Today in the post came the singularly impressive-looking NanoPi M4 unit complete with supplied eMMC for Android 8 and 16GB uSD for Lubuntu Desktop and the most spectacular heat-sink I’ve ever seen, not to mention (oh, go on then, if you insist) , a tiny Apple-reminiscent mains power supply able to deliver 5v at a stunning 4 AMPS. I’m IMPRESSED already.
For some considerable time now I’ve been using Apache (web server) on my various SBCs to present a basic web page, run PHPLITEADMIN (local SLQLite Database Manager and do other menial jobs. A LONG time ago I got rid of MySQL (which I had used on and off along with MS SQL on larger machines for a long time) despite it’s undoubted qualities as MySQL tends to be not ideal for the likes of little Raspberry Pis with their limited resources and limited life SDs. Well, that was a start but now it is possibly time to move on from Apache to something a little lighter on it’s feet as well.
Antonio is busy having another so at setting up Caddy as an alternative web server, but he’s having a busy week and I could not help but give Nginx a go – I WILL play with both that and Caddy in the very bear future and the winner will no doubt get into “the script”. Any web server for me has to run PHP, preferably v7 as I like to be up to date – warning - I’ve only tested this on a Raspberry Pi 3 (2 will work) but as there was nothing specifically Raspbian-ish in the setup I’ve no doubt this would work elsewhere.
Having satisfied myself that RPI-CLONE does a good job of creating backups of Raspberry Pi (no guarantees you won’t lose data but it hasn’t happened to me yet) I started the search for a solution for other boards. I find the Orange Pi +2E to be a particularly nice piece of hardware, but useless without an easy backup. armbian-config will let you copy from SD to EMMC but not the other way around – so no backup capability for eMMC users. So I've been working on this...
This Xiaomi Roidmi 3S cigarette-lighter-sized Bluetooth transmitter and car charger has two USB outputs totalling 2.4 amps output AND is able to talk via Bluetooth to your mobile phone so that those without Bluetooth on the car radio can tune into a special low power FM transmission and play their phone music via the car stereo. Not only that but it is inexpensive! The unit came from GearBest – here’s the link…
Xiaomi ROIDMI 3S Bluetooth Music Car Charger: https://goo.gl/uzmHh6
Thr Roidmi website is out of date, featuring models 2 and 2s whereas the unit I have is model 3S. Operation requires little explanation so really the GearBest link above is good enough. Once the unit is paired to your phone by Bluetooth, all sound output from your phone or tablet will go to the unit and be retransmitted by radio (FM) to the car radio. The unit also of course has 2 USB charging outputs which can be used for example to charge your device or devices - always handy in the car.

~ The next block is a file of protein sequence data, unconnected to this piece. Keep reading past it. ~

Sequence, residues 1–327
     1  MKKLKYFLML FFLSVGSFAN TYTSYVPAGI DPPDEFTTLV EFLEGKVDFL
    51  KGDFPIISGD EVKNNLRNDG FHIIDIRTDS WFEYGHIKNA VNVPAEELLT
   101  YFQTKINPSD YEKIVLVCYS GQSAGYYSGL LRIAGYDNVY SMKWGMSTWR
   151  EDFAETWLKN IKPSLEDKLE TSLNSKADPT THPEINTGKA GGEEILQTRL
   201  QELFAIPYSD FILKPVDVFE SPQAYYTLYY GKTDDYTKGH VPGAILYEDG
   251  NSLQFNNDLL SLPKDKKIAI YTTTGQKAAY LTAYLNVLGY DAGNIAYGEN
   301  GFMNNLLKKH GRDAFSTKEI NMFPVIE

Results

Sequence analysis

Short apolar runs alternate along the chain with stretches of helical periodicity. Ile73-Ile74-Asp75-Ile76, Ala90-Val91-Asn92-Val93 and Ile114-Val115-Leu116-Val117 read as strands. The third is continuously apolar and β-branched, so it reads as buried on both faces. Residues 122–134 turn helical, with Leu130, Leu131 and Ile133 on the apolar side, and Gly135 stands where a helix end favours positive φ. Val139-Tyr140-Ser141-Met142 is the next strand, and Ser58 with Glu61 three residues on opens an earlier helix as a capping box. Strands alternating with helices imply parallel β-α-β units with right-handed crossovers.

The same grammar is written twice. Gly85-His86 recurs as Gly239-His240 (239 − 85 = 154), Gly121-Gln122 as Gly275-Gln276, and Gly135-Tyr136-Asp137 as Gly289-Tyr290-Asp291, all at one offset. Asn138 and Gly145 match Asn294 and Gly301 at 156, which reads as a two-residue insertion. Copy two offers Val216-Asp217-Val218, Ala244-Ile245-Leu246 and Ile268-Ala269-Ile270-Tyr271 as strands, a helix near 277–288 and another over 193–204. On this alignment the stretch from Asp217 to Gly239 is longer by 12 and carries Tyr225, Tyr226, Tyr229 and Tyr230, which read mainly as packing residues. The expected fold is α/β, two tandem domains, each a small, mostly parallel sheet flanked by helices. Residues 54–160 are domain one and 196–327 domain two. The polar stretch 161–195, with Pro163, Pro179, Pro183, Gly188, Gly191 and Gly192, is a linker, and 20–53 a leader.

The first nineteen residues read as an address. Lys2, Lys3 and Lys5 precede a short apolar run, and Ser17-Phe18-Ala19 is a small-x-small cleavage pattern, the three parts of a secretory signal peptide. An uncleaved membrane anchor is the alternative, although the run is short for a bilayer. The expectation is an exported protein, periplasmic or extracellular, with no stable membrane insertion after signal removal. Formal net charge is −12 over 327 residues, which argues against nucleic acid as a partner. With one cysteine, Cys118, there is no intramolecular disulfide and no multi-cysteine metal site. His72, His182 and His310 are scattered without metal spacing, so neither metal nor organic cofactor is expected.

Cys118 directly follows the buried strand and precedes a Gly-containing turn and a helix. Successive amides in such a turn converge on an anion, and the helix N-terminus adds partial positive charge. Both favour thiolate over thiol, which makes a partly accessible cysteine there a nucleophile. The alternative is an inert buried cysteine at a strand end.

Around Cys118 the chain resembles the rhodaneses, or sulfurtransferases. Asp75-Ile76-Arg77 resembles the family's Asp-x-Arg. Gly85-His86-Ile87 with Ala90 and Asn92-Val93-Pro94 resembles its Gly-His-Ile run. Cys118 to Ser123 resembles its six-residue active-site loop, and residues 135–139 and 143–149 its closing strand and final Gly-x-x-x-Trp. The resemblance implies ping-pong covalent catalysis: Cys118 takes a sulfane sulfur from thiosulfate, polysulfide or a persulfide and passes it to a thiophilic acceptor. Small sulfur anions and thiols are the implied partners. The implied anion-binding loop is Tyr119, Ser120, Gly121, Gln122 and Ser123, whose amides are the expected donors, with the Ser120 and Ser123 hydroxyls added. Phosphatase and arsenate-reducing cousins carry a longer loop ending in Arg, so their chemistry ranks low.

The Roidmi 3S is solid enough, if you are unfortunate enough not to have Bluetooth on your car stereo, it could prove useful. The brief instructions (which I didn’t need) were in English. It has now been in use for weeks in our little Spanish car and operates flawlessly.
I must admit to being sceptical at first, I’ve seen similar units over the years promising to send music over FM and usually ending up with disastrous sound. This unit on the other hand has true, clear stereo and sounds GREAT with no interference from other stations, at least, not here in the Granada region of Southern Spain. My UK car has full Bluetooth but our little Spanish run-around has no Bluetooth and as the radio stations are Spanish, has, up to now been essentially useless.
Now, we can stream my wife's favourite American Rock station from her Smartphone to the radio andeven keep the phone charged at the same time – marvellous.
Update September 2018
I read about the most convoluted ways to back up SBC systems…. some back up only data, some use arcane commands to do the job – few if any are a single click job for a complete backup that can even handle larger or smaller SDs. That is except for RPI-Clone.
Below “Original article” was written back in 2016 – things have changed a little since then. Bill Wilson has revamped his rpi-clone project and the current version of this superb command-line tool for the Raspberry Pi is here.. https://github.com/billw2/rpi-clone
While we were down at the coast paying a fleeting visit to Gibraltar, a package arrived for me from www.koogeek.com – their LS1 Smart Light Strip – which is available from TomTop - https://www.tomtop.com/p-ls1-1.html
Here it is, it arrived well-packed – it is worth noting that apps are available for both Android and IOS. The box describes the product and spec in English, Chinese and what looks like German. For IOS users the strip works with Apple HomeKit. Somewhat less info is provided on the box for Android.